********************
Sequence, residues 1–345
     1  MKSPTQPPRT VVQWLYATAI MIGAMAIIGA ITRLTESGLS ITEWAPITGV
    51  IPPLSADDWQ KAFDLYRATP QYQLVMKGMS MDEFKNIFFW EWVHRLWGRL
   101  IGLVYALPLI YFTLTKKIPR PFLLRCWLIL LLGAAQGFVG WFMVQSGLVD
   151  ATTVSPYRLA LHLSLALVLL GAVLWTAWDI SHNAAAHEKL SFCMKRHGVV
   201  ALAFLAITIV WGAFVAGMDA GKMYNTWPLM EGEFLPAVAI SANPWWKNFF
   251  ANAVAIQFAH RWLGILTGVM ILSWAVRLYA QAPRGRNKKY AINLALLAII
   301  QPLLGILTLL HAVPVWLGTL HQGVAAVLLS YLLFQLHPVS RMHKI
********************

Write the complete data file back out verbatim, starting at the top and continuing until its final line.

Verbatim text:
Sequence, residues 1–345
     1  MKSPTQPPRT VVQWLYATAI MIGAMAIIGA ITRLTESGLS ITEWAPITGV
    51  IPPLSADDWQ KAFDLYRATP QYQLVMKGMS MDEFKNIFFW EWVHRLWGRL
   101  IGLVYALPLI YFTLTKKIPR PFLLRCWLIL LLGAAQGFVG WFMVQSGLVD
   151  ATTVSPYRLA LHLSLALVLL GAVLWTAWDI SHNAAAHEKL SFCMKRHGVV
   201  ALAFLAITIV WGAFVAGMDA GKMYNTWPLM EGEFLPAVAI SANPWWKNFF
   251  ANAVAIQFAH RWLGILTGVM ILSWAVRLYA QAPRGRNKKY AINLALLAII
   301  QPLLGILTLL HAVPVWLGTL HQGVAAVLLS YLLFQLHPVS RMHKI